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First Law of the Land: Sharing from the Great Dish (rescheduled from May 21...

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Isabel Bader Theatre

93 Charles Street West

Toronto, Ontario

Canada

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First Law of the Land: Sharing from the Great Dish

(Photo credit: Richard Hill)

Teachings by Richard Hill and Alan Corbiere will be followed by a discussion facilitated by: (TBA).

The desire on the part of University faculty and students to engage in meaningful ways with the calls of the Truth and Reconciliation Commission have raised many important questions. Although the University has developed an official Land Acknowledgment, many of us still have questions about the meaning of this protocol and our responsibilities under treaty covenants such as the Dish With One Spoon between Haudenosaunee and Anishinaabe nations that cover this territory. Do we know what we are acknowledging when we make a land acknowledgement in Toronto? What legal agreements are we bound to here and what are our obligations under these? In learning more about the Dish With One Spoon specifically we hope to begin to think through these important questions together.

This event is open to the public - members of Indigenous communities are most welcome.

Please RSVP to this site using your email address to secure your space.

Speaker information:

Richard W. Hill (Beaver Clan of the Tuscarora Nation) is an artist, writer and curator who lives at the Six Nations of the Grand River Territory in Ontario, Canada. Over the years, Rick has served as the Manager of the Indian Art Centre, Ottawa, Ontario; Museum Director of the Museum at the Institute of American Arts in Santa Fe, New Mexico; and the Assistant Director for Public Programs at the National Museum of the American Indian, Smithsonian Institution; and Senior Coordinator of Deyohaha:ge – Indigenous Knowledge Centre, Six Nations Polytechnic, Ohsweken, ON. He is currently working on media projects on the Mohawk Institute Residential School in Brantford, ON.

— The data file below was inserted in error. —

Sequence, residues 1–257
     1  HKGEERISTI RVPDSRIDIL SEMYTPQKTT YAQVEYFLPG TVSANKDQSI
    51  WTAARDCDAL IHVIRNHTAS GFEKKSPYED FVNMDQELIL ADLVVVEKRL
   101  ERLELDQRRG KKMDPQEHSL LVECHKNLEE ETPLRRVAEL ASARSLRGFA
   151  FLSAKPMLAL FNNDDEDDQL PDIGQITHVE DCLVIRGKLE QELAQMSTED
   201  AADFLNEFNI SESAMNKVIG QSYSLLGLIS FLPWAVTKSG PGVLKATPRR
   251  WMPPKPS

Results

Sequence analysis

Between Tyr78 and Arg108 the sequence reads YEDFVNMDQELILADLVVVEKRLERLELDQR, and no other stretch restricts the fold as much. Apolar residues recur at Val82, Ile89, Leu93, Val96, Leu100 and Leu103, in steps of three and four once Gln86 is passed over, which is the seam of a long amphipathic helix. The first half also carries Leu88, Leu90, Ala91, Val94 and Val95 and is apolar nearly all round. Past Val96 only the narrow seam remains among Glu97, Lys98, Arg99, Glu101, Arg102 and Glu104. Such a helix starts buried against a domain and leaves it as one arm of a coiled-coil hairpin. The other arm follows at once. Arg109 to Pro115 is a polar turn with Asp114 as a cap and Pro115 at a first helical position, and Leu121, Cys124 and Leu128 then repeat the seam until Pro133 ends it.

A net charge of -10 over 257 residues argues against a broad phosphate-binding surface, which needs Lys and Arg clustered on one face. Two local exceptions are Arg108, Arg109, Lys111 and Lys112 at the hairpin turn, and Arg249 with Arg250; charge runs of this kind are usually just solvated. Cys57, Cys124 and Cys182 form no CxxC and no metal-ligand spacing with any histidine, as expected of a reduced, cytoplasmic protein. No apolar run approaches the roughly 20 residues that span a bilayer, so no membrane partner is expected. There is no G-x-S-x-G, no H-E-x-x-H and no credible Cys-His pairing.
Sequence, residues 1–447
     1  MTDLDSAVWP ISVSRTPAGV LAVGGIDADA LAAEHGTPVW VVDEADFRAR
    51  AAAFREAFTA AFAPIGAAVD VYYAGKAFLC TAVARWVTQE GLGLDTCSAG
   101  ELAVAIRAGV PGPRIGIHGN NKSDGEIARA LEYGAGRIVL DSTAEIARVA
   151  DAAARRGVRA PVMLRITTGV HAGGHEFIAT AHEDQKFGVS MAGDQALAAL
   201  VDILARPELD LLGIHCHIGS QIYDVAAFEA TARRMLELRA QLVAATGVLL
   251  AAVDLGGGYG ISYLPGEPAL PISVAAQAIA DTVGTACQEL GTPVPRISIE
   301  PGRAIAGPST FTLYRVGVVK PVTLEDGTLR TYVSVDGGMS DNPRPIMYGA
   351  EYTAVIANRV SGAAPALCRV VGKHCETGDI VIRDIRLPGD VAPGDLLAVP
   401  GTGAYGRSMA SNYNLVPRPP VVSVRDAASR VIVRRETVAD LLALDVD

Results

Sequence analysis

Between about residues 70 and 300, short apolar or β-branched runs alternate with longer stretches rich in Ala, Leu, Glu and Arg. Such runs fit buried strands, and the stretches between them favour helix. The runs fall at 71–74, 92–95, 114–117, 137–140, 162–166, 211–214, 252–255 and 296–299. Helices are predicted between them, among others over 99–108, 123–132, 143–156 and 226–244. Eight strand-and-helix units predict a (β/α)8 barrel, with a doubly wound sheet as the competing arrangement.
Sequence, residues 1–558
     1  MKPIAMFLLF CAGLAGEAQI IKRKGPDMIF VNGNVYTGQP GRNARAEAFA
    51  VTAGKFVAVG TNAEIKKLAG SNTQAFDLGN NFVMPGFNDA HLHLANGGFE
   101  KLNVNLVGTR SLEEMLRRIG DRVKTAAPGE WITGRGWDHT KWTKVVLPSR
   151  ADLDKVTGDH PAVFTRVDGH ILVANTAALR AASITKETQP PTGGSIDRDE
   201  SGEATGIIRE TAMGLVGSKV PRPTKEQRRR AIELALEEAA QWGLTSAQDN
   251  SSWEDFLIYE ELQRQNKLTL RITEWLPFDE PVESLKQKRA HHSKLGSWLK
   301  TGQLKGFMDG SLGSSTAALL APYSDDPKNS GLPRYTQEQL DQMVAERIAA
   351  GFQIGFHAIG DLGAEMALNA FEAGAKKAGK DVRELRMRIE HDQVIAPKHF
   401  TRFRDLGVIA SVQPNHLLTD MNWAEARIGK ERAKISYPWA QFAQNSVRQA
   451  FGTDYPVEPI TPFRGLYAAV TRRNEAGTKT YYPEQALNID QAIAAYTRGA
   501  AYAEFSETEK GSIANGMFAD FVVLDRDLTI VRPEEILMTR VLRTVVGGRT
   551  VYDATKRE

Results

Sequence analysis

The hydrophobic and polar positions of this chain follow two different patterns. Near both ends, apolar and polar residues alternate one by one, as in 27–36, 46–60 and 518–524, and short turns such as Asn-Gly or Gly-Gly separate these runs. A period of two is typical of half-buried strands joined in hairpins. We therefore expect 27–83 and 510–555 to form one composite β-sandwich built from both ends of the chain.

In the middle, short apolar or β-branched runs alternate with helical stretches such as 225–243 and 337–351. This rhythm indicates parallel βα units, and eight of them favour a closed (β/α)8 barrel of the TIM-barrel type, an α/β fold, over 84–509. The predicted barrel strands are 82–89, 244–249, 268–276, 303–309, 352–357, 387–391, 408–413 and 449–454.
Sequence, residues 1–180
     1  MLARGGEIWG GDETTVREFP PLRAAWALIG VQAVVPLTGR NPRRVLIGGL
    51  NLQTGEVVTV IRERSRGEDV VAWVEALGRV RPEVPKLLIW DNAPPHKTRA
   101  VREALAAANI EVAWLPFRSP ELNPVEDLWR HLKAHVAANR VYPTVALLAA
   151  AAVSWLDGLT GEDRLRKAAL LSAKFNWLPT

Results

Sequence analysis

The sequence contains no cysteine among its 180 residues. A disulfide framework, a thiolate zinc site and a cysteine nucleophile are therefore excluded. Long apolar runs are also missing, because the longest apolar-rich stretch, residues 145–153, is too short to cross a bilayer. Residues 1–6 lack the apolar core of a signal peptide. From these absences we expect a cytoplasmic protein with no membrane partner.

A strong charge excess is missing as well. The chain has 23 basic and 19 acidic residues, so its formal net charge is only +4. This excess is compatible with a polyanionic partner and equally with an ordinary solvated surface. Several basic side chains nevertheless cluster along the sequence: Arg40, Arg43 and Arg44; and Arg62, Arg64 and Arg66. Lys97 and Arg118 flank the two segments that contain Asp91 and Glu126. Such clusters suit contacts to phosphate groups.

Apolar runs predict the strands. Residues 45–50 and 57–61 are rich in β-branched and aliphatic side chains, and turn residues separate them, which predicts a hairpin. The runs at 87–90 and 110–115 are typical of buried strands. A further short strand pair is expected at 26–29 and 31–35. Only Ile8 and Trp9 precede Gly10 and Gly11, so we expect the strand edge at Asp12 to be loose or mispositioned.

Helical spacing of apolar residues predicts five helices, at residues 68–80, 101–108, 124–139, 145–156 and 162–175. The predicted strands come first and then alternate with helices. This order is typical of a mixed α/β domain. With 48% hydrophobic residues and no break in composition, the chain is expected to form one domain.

Alan Ojiig Corbiere, Bne doodem (Ruffed Grouse clan), is an Anishinaabe from M’Chigeeng First Nation on Manitoulin Island. First educated on the reserve, Alan attended the University of Toronto for a Bachelor of Science, and then entered York University to earn his Masters of Environmental Studies, which focused on Anishinaabe narrative and Anishinaabe language revitalization. For five years he served as the Executive Director at the Ojibwe Cultural Foundation (OCF) in M’Chigeeng, a position which also encompassed the roles of curator and historian. He also served as the Anishinaabemowin Revitalization Program Coordinator at Lakeview School, M’Chigeeng First Nation, where he and his team are working on a culturally based second language program that focuses on using Anishinaabe stories to teach language. Alan is now in his second year of his PhD in history at York University.

Isabel Bader Theatre is an accessible space.

This event is generously funded by the Department of History, the Centre for Criminology and Sociolegal Studies, The Centre for Indigenous Studies, Woodsworth College, Victoria University, and the Office of Indigenous Initiatives (VP & Provost Divison).

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Isabel Bader Theatre

93 Charles Street West

Toronto, Ontario

Canada

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